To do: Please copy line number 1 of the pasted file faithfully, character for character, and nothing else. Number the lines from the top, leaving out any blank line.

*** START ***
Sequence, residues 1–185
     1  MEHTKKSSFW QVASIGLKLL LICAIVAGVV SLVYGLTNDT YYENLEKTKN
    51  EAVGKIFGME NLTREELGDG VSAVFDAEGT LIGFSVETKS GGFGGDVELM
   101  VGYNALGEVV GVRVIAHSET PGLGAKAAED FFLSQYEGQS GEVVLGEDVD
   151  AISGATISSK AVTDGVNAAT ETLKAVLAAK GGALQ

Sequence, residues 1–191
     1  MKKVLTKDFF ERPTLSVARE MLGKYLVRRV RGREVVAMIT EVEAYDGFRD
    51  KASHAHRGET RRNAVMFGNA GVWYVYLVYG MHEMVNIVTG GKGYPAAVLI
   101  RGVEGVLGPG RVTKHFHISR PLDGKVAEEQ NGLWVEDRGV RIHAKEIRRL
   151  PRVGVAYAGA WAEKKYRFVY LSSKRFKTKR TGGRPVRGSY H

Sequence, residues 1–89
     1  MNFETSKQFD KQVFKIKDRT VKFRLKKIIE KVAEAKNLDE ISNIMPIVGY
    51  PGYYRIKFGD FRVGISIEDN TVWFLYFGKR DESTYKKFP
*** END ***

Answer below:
Sequence, residues 1–185